How High (And Far) Can A Kangaroo Jump?

Written by Hannah Ward
Published: December 28, 2021
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Kangaroos are one of the most iconic Australian animals.  There are four species of kangaroo which live in Australia and New Guinea.  While they are well-known for the way that females carry their tiny joeys in a pouch, they are also famed for their bounding gait.  Kangaroos have a unique way of moving and they can jump great distances with a single leap.  But how far can they jump?  Join us as we discover how high and how far a kangaroo can really jump.

How Kangaroos Manage to Jump so Far

Kangaroos are one of only a few animals that move around by hopping.  They have a bounding gate which allows them to jump great heights and incredible distances with a single leap.  But how do they do it?  Well, the secret is in their unique structure.

Kangaroos are perfectly evolved to their method of movement.  They are from the family group Macropodidae and are commonly known as macropods.  The term macropod is derived from the Greek for “large foot”.  This is particularly accurate as kangaroos have strong and well developed hind legs and extremely large back feet.  Their back feet are extremely powerful and provide kangaroos with the momentum to jump.  As well as large back feet, kangaroos have a long, muscular tail which provides them with balance.  Their unique style of movement is actually one of the fastest and most effective methods of covering long distances. Hopping enables kangaroos to travel efficiently without much effort.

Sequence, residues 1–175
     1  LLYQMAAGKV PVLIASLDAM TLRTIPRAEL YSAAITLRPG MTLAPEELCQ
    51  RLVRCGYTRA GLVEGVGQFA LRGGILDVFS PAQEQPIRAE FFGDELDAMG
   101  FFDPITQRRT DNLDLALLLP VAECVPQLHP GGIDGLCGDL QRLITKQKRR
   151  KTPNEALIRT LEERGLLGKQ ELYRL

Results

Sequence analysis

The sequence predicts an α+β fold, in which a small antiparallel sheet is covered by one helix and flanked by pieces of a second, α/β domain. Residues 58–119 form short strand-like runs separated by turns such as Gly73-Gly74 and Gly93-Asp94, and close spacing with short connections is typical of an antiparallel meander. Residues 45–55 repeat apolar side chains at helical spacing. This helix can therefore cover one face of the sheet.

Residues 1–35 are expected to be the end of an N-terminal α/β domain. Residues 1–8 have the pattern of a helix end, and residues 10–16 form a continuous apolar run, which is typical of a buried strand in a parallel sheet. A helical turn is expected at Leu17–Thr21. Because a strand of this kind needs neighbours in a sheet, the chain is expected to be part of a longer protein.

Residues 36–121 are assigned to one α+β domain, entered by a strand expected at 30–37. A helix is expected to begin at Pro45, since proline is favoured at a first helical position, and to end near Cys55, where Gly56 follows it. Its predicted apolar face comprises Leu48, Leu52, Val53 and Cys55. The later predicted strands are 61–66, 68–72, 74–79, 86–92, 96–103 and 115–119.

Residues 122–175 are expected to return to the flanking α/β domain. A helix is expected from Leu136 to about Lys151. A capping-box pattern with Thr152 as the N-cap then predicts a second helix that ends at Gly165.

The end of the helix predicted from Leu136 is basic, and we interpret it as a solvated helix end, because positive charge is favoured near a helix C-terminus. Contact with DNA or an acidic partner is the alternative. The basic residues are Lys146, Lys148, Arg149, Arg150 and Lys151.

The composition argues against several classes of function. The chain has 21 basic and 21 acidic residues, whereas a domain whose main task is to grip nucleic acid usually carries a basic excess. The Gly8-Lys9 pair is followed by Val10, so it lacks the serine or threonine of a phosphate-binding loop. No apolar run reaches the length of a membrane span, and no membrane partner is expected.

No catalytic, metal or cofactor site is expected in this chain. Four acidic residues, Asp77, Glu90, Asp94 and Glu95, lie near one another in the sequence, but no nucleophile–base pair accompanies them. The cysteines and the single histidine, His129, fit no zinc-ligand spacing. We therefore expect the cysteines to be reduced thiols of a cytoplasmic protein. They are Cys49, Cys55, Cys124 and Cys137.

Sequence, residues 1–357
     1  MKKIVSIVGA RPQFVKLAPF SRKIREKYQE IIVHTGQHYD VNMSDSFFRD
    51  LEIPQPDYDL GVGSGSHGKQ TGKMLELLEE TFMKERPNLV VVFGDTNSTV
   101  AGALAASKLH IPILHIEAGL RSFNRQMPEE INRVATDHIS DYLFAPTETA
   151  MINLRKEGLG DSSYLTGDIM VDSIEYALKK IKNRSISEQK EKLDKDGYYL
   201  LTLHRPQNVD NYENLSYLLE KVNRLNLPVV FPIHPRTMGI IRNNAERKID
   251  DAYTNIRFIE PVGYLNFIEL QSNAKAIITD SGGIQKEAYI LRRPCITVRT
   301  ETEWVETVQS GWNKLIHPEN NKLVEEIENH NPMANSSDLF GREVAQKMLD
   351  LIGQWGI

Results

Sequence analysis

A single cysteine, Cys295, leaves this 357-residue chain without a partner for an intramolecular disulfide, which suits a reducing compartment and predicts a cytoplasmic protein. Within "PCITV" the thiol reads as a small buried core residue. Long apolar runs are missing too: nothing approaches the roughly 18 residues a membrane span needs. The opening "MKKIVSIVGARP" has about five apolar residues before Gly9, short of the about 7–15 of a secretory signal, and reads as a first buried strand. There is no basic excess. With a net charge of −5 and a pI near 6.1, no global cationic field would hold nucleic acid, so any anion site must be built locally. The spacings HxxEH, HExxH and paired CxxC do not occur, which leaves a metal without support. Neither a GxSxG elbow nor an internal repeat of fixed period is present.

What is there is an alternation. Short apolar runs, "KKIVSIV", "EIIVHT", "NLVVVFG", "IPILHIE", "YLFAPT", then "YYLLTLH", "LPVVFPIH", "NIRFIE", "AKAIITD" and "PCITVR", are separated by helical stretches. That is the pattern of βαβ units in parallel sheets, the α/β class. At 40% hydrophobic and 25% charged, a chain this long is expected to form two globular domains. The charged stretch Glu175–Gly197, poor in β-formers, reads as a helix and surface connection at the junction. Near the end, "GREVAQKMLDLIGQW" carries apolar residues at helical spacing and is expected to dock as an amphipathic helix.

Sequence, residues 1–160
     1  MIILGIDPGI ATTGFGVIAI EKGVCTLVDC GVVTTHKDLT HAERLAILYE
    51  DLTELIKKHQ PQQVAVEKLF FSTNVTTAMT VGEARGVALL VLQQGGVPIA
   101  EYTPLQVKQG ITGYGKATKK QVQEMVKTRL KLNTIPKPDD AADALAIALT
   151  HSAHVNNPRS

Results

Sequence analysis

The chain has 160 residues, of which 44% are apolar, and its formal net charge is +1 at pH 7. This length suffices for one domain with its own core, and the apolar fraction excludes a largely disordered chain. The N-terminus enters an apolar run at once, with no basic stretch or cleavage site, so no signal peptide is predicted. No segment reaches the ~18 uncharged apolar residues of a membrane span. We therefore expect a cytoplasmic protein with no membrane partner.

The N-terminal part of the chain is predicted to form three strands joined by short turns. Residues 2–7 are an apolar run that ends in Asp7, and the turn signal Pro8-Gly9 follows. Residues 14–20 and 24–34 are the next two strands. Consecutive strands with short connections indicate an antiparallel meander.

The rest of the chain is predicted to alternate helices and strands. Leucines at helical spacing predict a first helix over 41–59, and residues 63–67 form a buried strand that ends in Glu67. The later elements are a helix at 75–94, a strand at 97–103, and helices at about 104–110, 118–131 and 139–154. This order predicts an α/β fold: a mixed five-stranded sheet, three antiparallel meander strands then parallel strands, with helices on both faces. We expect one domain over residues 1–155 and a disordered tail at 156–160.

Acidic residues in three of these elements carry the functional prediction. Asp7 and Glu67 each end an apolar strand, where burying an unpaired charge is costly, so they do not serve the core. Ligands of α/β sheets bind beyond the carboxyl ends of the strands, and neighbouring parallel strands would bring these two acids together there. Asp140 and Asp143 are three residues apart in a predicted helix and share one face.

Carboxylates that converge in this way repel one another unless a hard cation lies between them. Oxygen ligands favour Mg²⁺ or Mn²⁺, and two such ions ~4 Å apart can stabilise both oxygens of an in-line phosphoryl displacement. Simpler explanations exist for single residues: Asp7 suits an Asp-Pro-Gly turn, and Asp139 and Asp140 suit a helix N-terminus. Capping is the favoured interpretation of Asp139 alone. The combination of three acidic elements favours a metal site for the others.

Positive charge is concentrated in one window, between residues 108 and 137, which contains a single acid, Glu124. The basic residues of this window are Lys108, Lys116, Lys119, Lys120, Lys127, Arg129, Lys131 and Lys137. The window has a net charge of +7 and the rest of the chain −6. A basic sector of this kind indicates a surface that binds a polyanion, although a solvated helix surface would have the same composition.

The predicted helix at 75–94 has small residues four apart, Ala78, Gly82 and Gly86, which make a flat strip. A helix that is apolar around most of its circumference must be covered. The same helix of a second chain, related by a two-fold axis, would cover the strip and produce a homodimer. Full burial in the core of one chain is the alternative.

The key to a kangaroos gait is the Achilles tendons that run down the back of their hind legs.  In basic terms, a kangaroos legs act like a spring.  Kangaroos use both hind legs together, rather than placing one foot in front of the other.  In the first instance of a hop, their hind legs and their toes are compressed underneath them and towards their body.  When this happens their tendons are stretched (imagine a rubber band being pulled). The stretched tendons and ligaments provide energy – known as elastic potential energy – and their muscles contract, pulling the bottom of their legs downwards.  This downwards action, along with their toes moving away from their body, creates a spring effect (imagine the rubber band being released).  This spring effect means that kangaroos can use their tendons to jump incredibly effectively.

How High and how Far do Kangaroos Jump?

The average leap of a kangaroo is 25-30 feet


So, now that we know how kangaroos jump, just how high and how far can they actually go?  We’ve already talked about how kangaroos use their back legs for momentum, and that momentum is really important when it comes to jumping.  When kangaroos are bounding along they have more momentum when they’ve built up some speed.  Just like when someone is doing athletics (ie the long jump), their more powerful jumps come when they’ve built up plenty of speed, or momentum.  When we think back to how kangaroos utilize their tendons to create a “spring effect” when jumping, we can understand just how movement helps them to create more momentum.